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So she refused point-blank to join in.

What does the expression point-blank mean in this context? Could you give me some more examples of situations where this phrase could be used?

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closed as off-topic by Jim, Mari-Lou A, choster, medica, FumbleFingers May 10 '14 at 22:22

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If this question can be reworded to fit the rules in the help center, please edit the question.

After having looked it up in a dictionary, what questions do you have? thefreedictionary.com/point-blank – Jim May 10 '14 at 18:06
up vote 1 down vote accepted

It is an expression used to say that someone very bluntly did something with emphasis. Usually when used it means that there was some historical context involving the action in that the person doing something point-blank could/should have been expected to do that. Often there is a connotation of hostility or at the very least conveying that you do not want to be questioned about your actions.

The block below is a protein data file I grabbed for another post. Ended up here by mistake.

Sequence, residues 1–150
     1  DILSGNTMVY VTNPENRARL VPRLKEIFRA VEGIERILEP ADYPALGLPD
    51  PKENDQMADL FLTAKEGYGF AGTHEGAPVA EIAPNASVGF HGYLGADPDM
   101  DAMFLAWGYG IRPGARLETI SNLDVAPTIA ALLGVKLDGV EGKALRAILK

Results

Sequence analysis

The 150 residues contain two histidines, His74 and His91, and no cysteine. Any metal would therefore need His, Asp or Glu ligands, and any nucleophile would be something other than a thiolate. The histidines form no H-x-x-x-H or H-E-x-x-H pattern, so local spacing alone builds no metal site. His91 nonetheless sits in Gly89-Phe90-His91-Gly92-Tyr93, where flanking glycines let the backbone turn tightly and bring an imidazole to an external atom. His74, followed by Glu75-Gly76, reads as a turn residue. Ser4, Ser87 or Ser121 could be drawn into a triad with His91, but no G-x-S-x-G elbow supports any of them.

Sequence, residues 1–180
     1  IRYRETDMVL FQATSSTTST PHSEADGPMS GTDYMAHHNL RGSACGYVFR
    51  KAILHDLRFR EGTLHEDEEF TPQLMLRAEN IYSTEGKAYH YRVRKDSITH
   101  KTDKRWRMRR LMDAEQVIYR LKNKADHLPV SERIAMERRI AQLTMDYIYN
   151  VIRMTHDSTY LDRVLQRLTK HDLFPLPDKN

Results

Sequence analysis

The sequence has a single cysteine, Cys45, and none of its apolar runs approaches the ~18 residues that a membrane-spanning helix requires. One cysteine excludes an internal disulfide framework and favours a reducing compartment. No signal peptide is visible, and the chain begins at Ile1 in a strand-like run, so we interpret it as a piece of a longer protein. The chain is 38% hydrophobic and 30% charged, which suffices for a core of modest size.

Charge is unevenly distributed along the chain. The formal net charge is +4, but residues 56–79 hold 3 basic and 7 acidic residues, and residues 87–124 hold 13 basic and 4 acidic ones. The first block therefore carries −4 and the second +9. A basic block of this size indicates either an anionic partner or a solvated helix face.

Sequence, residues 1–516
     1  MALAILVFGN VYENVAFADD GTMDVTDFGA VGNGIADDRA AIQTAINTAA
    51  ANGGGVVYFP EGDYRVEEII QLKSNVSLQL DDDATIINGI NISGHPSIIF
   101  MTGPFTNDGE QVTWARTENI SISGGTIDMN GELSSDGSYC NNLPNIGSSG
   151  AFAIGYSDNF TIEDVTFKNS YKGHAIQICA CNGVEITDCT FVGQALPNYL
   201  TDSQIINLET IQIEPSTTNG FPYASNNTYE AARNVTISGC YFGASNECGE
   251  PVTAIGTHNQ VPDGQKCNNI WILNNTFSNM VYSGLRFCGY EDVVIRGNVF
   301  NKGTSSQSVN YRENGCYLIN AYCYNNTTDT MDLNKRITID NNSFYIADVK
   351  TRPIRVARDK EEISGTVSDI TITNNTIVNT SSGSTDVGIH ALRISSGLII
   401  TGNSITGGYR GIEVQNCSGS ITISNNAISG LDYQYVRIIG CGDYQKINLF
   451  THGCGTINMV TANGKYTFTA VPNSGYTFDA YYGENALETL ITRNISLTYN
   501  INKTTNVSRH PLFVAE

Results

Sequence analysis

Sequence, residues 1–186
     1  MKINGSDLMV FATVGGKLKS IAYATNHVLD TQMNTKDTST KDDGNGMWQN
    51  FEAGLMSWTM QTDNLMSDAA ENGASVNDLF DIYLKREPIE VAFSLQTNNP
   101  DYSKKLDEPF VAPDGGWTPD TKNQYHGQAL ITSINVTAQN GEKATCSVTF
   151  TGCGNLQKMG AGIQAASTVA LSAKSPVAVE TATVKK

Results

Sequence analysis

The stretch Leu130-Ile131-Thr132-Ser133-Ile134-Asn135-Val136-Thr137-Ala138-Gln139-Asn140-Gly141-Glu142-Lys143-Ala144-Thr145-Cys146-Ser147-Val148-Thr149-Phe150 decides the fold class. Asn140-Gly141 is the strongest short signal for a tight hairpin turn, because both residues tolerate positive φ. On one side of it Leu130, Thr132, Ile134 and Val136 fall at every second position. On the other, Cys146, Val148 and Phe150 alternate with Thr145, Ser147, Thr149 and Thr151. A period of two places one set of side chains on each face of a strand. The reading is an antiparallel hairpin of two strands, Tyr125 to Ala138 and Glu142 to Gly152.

• I told my husband point-blank if he hits me one more time that I am leaving.

  • "Dad can I borrow your Porsche?" Dad replies, "Steve, point-blank no!"

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There's an interesting discussion of the origins of the expression here:


Usually used of a gun, it has become a metaphor for manner.

POINT BLANK adjective; adverb

[1591] Aimed straight at the mark or target without allowing for the drop in a projectile's course [due to gravity], firing straight at the target – point blank –one may hit the target if one is close enough.

[1598] (figurative): Without hesitation, deliberation, or equivocation; plainly, bluntly, directly, frankly; abruptly or rudely: She told him point-blank that he was not welcome.

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@medica - Feel free :-) – Erik Kowal May 10 '14 at 20:19
thanks! I enjoyed that article. I never caught the gravity part before. :) – medica May 10 '14 at 20:29
.... I'm free! – Edwin Ashworth May 10 '14 at 20:49
@EdwinAshworth - lol! and congrats on new privileges. And thanks for the edit. – medica May 10 '14 at 20:50
With the way edits are shown, I found it hard to sort out where the necessary 'adverb' was left out. We'll blame Erik. On the other hand, he does prefer a decent ruby ale to American lager. – Edwin Ashworth May 10 '14 at 21:01

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